Adobe and many other companies have to say this in their product agreement for legal purposes but it doesn't mean it'll do that. Can you think about the reason why Adobe may not like you, a customer who pays money buying their products, and terminate your account?
Happens all the time. Company A buys company B and kills their products. If you bought that app, you're annoyed because there won't be any future updates, and you'll eventually have to move off of it. If you're renting it by the month, you're hiring contractors to help you move off of the app before it stops working (at most) 180 days later.
It just occurred to me... just like so many have complained about "renting" vs. "owning" software, the diglloyd article also complains about making an investment into software that is only rented and what if Adobe decides down the road to shut down CC... sucks to just rent software, pay month after month, year after year, and then poof no more access. Well... does anyone here subscribe to diglloyd... he charges fees but his website does not allow any downloads as pdf etc. and you have to be connected to the web to read his articles. Well what happens after months and years of subscribing he shuts it down and I can't access the information I paid for... well, guess I was just renting it and too bad for me right. What if his site goes down for a week, does he reimburse all his subscribers for the lost time they paid for... I should hope so if he's going to complain about Adobe for having the same effin rental model he himself uses!
Not really the same thing. If a website goes down, you've lost access to articles. Yes, I'd expect them to extend your subscription if it is down for very long, but frankly, even if the site went away, the only thing you've actually lost is the last month's subscription fee, or the last year's fee if you were subscribing on an annual basis. It's peanuts.
With creative software, if you lose access to that software, unless someone else manages to create a bug-for-bug compatible Photoshop clone that can read your existing files perfectly, you stand to lose all the time and effort that you have invested in creating content with that software.
That's a much, much bigger deal. Comparing renting software to a magazine subscription is just not a valid comparison. Renting software is more like renting the land under your house. Yes, under certain circumstances, it might be the only option, but there's always that risk that tomorrow, you'll get a notice that you have to tear down your house.
Even if I were willing to rent software (and I'm not), I would consider the use of any new features in future versions of Photoshop to be playing with fire. If Adobe ever goes under, any files that use those features are going to become unreadable 180 days later. By everyone. Worldwide.
And honestly, that isn't as unlikely as it sounds. Given how badly Adobe has botched pretty much every aspect of Flash, PDF, Digital Editions, etc., I'm amazed Adobe is still in business today. Every year, I have less faith in their products than the year before. This is a company whose stock is basically priced the same as it was twelve years ago—you'd do about as well sticking your money in a sock under your mattress. That isn't a sign of a strong, growing company. It's a sign of a company with no real leadership, with no real drive to improve their products, and no real insight into how they can expand their market share.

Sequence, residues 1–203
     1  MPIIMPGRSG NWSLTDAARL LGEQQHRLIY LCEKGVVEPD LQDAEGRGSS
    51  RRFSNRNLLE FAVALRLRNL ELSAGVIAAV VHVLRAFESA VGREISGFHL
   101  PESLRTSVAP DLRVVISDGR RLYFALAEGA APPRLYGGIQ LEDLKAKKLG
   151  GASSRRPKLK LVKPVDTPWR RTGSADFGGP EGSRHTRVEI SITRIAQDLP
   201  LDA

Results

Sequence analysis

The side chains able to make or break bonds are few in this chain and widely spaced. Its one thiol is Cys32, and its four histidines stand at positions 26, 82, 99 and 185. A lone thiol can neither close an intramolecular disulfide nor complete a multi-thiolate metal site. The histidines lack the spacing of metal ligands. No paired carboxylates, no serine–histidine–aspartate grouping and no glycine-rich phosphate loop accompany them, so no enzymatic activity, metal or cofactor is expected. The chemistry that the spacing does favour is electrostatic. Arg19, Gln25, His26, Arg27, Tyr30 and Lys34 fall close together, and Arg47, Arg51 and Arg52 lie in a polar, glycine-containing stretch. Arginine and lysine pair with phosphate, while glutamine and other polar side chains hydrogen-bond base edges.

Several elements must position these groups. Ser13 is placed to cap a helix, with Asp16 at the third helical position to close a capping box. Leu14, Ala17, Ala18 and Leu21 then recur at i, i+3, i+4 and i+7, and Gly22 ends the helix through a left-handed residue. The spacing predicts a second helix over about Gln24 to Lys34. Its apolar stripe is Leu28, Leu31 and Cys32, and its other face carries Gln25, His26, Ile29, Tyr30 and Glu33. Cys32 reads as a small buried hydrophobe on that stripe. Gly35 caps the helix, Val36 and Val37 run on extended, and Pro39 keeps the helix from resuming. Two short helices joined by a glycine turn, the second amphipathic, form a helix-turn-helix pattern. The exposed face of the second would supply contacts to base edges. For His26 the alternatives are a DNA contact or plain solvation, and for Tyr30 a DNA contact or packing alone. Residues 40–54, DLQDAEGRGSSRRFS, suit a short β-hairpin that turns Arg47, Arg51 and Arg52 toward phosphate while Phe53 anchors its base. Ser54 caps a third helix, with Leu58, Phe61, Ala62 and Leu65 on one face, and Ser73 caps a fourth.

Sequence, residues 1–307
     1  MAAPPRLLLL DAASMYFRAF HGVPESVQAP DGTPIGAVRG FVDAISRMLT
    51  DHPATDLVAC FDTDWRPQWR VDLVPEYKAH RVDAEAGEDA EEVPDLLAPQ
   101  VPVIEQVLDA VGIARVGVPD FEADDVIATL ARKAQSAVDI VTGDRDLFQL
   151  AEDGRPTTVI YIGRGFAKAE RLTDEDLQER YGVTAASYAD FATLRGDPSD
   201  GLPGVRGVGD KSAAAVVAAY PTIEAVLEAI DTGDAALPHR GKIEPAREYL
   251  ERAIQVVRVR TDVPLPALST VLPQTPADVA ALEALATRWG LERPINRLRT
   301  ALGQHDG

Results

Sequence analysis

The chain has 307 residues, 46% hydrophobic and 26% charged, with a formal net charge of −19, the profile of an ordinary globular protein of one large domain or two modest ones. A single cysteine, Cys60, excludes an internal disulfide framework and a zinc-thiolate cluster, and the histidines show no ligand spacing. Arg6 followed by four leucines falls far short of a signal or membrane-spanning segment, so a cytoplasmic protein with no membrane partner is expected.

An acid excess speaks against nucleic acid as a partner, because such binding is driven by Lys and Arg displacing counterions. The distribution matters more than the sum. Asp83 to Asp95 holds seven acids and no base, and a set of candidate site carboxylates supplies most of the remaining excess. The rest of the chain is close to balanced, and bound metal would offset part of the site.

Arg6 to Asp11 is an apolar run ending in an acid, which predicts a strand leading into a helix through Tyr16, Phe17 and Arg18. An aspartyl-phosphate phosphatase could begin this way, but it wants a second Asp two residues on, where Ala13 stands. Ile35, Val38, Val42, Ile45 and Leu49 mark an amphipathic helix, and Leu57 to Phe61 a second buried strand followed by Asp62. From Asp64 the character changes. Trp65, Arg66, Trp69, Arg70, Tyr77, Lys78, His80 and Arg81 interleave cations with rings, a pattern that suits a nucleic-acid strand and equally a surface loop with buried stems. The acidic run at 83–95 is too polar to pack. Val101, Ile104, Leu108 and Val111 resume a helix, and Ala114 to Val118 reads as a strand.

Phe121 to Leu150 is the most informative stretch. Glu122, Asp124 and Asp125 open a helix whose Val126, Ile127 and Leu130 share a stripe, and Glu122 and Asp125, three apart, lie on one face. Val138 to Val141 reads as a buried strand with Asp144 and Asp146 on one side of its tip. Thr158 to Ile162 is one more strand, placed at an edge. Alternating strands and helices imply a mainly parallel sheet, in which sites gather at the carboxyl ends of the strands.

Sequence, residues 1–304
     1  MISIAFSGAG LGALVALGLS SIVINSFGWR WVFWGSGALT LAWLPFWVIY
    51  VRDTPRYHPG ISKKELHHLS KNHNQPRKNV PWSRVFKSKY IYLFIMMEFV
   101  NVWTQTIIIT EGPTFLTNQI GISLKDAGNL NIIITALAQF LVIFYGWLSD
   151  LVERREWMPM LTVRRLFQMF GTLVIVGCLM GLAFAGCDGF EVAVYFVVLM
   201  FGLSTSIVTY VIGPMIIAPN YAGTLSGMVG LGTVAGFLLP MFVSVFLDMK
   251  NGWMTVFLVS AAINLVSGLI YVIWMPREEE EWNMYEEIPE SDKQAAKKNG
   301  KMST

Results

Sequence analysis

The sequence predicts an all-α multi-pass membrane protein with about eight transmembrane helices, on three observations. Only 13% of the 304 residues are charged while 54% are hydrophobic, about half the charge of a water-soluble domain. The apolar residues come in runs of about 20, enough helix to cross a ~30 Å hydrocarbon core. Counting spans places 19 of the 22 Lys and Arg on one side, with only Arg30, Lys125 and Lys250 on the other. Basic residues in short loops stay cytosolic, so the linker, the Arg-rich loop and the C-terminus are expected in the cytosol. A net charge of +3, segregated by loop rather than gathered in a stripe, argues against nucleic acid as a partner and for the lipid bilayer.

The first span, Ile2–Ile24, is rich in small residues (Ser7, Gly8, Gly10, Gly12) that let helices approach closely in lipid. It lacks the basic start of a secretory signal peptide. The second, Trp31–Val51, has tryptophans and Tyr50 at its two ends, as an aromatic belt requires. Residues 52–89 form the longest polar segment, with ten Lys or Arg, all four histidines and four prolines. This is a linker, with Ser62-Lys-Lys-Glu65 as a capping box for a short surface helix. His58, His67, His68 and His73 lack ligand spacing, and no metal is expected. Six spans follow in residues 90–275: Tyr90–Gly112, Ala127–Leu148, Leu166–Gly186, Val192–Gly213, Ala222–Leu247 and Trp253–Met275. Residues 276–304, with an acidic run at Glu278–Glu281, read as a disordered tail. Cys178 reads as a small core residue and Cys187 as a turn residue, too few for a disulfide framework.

And now, instead of actually improving their products, lowering cost, or any of the other things they could do to drive adoption, they're resorting to milking their existing customers for more money. Their logic is, "Those greedy people won't buy every update, so we'll do a subscription so that they have to pay for it all the time," ignoring the fact that people don't buy every update because they haven't actually improved the product significantly in any way that actually matters. (Ooh. It's grey now.) The problem is that most people's natural reaction to such tactics is, "Bye."
Now not everybody can move off of Photoshop right away, but lots of people are looking for alternatives now who were content to periodically upgrade before. And in the long term, that's going to really hurt Adobe. Because the main reason people buy Adobe products is the same reason that people buy Microsoft products—compatibility. They know that their files will "just work". When you start to see half the small studios running Pixelmator and Acorn and Gimp and Corel PaintShop Pro, the main rationale for spending that kind of money goes away, and more and more people begin to more carefully examine their continued use of Photoshop. It's like a tiny snowflake that snowballs into an avalanche.
Of course, Microsoft is encouraging people to rent their software, too. Historically, such rapid increases in pricing like we're seeing here are generally the last gasp of a monopoly player as they succumb to competition, gouging fewer and fewer customers for more and more money in order to stay afloat. In Microsoft's case, they're suddenly facing stiff competition from Google Docs and OpenOffice, and they're scared that they may soon lose the ability to milk that cash cow, so they're looking for any means that they can to prolong the decline of that revenue stream. I have little doubt that Adobe is doing the same thing with CC.
But perhaps I'm wrong. Perhaps all those small studios will be so enthralled with the new software that they'll be willing to spend $240 per year instead of buying a $300 upgrade every six years. I wouldn't bet money on it, though, which is just one of the many reasons I'm glad I do not hold any position in ADBE.